If UTSA has hope in 2019, most of that hope rests on the knee of Frank Harris. Harris has gone through two knee injuries and surgeries in the past three years, including one suffered in the spring of 2018 that threw a wrench into the ‘Runners quarterback plans.

Harris was the gem of Wilson’s 2017 class, a true dual-threat quarterback with significant play ability with his arm or legs. Whether symbolically, Harris was the first quarterback to lead the Roadrunner offense during the spring game, completing eight of eleven throws for 66 yards and adding another 47 on the ground. Harris, even in limited duty as a senior, accumulated over 7,800 yards of total offense as a high school quarterback. He completed 53% of his throws over three years but 58% in his final two seasons.

If he’s healthy, I think he gets a shot run UTSA’s attack as the season starts. Selfishly I hope he’s healthy because he was a dominant player at Schertz Clements before his first knee injury and he’s worked hard to get back on the field.

The Runners brought in some new blood in Gulf Coast Community College and former LSU signee Lowell Narcisse. Narcisse was a four-star prep quarterback from St. James, Louisiana, the fifth best dual-threat quarterback and the 105th best overall prospect in the 2017 recruiting cycle. His best seasons as a high player came during his freshman and sophomore years, he threw for 5,000 yards in his high school career but only 296 as a junior due to injury, and a knee injury prevented him from playing as a senior.

At Gulf Coast, he completed 45% of his throws, a stat that isn’t a great prognostic indicator. Accuracy statistics tend to follow a quarterback across various levels of football. He also threw equal interception and touchdowns. He’s a big body and a plus athlete, running the ball effectively to the tune of a 4.7-yard average. Narcisse split time before losing the starting position at Gulf Coast.

Grundy returns after an up and down 2018. He played better against Power 5 competition, 99.52 rating compared to 88.55 against Group of Five opponents. Here’s his radar graph*, and the graph for James Morgan from FIU because we were trying to find a way to work in how good Morgan was in 2018.

Grundy wasn’t the problem but he wasn’t a solution either. The turnovers and sacks scare you, but he played better than Gillins and Weeks. The JUCO transfer didn’t make the offense pop, and UTSA needs a quarterback that can jump-start things assuming the running game doesn’t significantly improve.

Jo Jo Weeks was one of the most prolific Texas high school quarterbacks during his senior year at Wimberly. Last season the jump to FBS football was too steep for the first year player. The good news is he kept his redshirt and has time to develop at this level.

Senior Brandon Garza was part of a historic run at Harlingen High School before walking on at Houston. He transferred to UTSA in 2016. UTSA signed Suddin Sapien from Midland High School during the 2019 signing cycle - a big west Texas kid at 6-4, 220 pounds and a willing runner. He set Midland High’s total offense mark with over 5,500 yards. As a senior, he threw for 2,211 yards and ran for another 1,246, the first Bulldog to do so in school history. Sapien completed less than 50% of his throws as a senior.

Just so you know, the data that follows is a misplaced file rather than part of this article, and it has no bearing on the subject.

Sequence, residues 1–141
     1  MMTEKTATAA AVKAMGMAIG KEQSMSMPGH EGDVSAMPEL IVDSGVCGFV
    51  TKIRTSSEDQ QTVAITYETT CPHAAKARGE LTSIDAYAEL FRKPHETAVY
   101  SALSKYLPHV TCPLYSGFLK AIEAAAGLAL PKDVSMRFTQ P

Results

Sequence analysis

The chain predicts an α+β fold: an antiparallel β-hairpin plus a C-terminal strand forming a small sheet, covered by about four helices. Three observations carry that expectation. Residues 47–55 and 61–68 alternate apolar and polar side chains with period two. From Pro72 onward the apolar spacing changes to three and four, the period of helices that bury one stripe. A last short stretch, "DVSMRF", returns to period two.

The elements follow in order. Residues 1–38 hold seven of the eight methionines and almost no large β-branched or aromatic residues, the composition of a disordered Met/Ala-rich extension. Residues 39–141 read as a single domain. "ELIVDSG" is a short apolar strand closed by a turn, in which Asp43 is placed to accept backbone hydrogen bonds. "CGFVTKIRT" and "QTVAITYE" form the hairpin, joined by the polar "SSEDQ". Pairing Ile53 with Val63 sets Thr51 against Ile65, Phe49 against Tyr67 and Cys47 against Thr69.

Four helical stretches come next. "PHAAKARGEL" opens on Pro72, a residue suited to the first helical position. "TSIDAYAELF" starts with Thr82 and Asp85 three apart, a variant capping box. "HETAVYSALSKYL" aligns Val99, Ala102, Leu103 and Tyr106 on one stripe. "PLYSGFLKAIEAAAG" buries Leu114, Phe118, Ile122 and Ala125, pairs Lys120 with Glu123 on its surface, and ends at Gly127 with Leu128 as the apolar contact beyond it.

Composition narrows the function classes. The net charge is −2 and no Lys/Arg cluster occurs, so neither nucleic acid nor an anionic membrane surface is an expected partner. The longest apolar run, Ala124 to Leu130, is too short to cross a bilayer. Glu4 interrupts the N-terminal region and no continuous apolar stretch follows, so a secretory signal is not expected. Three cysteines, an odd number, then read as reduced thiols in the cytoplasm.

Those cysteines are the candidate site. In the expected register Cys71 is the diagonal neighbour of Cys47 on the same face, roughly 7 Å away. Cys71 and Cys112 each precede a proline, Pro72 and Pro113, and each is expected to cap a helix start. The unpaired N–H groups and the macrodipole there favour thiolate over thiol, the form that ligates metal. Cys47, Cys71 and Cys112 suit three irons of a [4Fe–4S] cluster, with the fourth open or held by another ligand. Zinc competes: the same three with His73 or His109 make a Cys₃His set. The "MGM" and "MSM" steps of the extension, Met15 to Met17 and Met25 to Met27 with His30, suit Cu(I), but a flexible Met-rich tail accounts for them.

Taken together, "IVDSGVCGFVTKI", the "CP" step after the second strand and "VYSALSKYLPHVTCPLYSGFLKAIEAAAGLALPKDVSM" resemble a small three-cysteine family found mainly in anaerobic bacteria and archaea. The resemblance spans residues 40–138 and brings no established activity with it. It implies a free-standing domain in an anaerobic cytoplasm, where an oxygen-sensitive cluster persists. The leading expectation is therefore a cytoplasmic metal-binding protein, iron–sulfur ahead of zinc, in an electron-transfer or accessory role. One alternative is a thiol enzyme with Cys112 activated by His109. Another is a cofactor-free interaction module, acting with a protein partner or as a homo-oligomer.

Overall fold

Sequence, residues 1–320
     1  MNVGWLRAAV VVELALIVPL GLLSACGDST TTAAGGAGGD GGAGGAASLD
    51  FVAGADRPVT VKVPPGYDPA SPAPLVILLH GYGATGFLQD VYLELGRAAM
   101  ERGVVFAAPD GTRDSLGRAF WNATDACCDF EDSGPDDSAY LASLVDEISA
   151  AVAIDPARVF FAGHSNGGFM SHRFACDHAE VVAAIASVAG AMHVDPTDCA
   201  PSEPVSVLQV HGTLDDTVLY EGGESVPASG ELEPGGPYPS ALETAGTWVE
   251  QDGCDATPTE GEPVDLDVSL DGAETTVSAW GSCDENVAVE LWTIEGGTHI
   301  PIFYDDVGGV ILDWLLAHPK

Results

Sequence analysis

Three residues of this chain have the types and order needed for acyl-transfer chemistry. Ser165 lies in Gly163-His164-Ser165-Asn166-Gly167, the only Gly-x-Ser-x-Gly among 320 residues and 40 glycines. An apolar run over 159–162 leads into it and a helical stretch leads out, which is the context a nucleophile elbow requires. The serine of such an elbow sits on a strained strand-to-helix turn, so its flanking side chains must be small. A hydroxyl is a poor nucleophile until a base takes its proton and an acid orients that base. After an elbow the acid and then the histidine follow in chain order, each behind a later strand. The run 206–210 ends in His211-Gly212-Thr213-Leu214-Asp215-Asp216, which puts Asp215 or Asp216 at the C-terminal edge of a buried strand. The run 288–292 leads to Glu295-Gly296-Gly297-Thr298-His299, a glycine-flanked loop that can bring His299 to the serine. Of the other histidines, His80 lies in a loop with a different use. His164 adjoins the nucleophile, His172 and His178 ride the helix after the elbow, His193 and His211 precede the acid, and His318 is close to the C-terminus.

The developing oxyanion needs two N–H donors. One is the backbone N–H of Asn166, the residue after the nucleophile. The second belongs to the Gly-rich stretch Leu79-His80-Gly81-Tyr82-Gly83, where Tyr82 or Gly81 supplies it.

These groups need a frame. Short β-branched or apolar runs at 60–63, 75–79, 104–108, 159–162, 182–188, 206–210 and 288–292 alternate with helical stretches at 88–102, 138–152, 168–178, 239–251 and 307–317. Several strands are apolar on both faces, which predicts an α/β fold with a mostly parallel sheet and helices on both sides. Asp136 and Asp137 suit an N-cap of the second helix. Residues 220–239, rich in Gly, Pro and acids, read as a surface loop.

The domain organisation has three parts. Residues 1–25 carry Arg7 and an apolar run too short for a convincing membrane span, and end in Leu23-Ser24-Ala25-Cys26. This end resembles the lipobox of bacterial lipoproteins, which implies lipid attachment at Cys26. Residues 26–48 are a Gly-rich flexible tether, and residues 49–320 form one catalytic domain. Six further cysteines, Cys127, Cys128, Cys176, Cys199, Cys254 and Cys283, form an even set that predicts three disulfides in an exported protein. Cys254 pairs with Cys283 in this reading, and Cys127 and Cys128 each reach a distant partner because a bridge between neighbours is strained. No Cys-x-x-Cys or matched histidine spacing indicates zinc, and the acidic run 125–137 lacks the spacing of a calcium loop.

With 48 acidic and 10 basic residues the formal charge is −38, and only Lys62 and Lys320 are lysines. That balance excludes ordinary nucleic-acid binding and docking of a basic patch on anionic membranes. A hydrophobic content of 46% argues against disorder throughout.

College football is a quarterback game. The right signal caller can elevate your skill talent and make up for a leaky offensive line. We forget how good Dalton Sturm turned out to be. The pride of Goliad made plays with his arm and, better yet, when things broke down, he was more than comfortable doing something with his legs. He became a threat that kept defenses honest and opened the field for the rest of the offense. UTSA doesn’t need Kyler Murray, but they do need efficient quarterback play, i.e., someone who can get the ball to their talented receivers and keeps teams from stacking the box against the run game. If defenses have to fear the quarterback run, all the better.

* We track percentile ranks among quarterbacks with 100 or more attempts in a given season. We take statistics like yardage accounted for, touchdowns per play, completion percentage, yardage per attempt, yardage per play, plus sack and interception avoidance and put them into a visual of efficiency and explosiveness. The bigger the radar area, the better the player performed.

Skill Talent

Potential is a fickle thing; it’s a mark that’s easy to miss because it’s based on the subjective perception of someone’s ceiling. When forecasting potential from a high school playing field to college, often we don’t consider a massive upgrade in opposition talent is, and the circumstantial changes, like a new scheme, new teammates, a new living situation. Potential is difficult, if not impossible, to accurately gauge.

Sometimes we miss. Anthony Bennett became the number 1 pick in the 2013 NBA Draft. He played for four teams in four seasons, never averaging more than five points. He’s out of the league now. With all the analytics nerds and old school, three pack a day scouts, the Association missed.

Players that fail to reach their potential aren’t stiffs, at least not exclusively, sometimes a player’s potential comes down to fit in a system, coaching, and circumstance. Last season Amari Cooper couldn’t play dead in a cowboy movie in Oakland but became lethal in Dallas. Fit, coaching, and circumstance matter.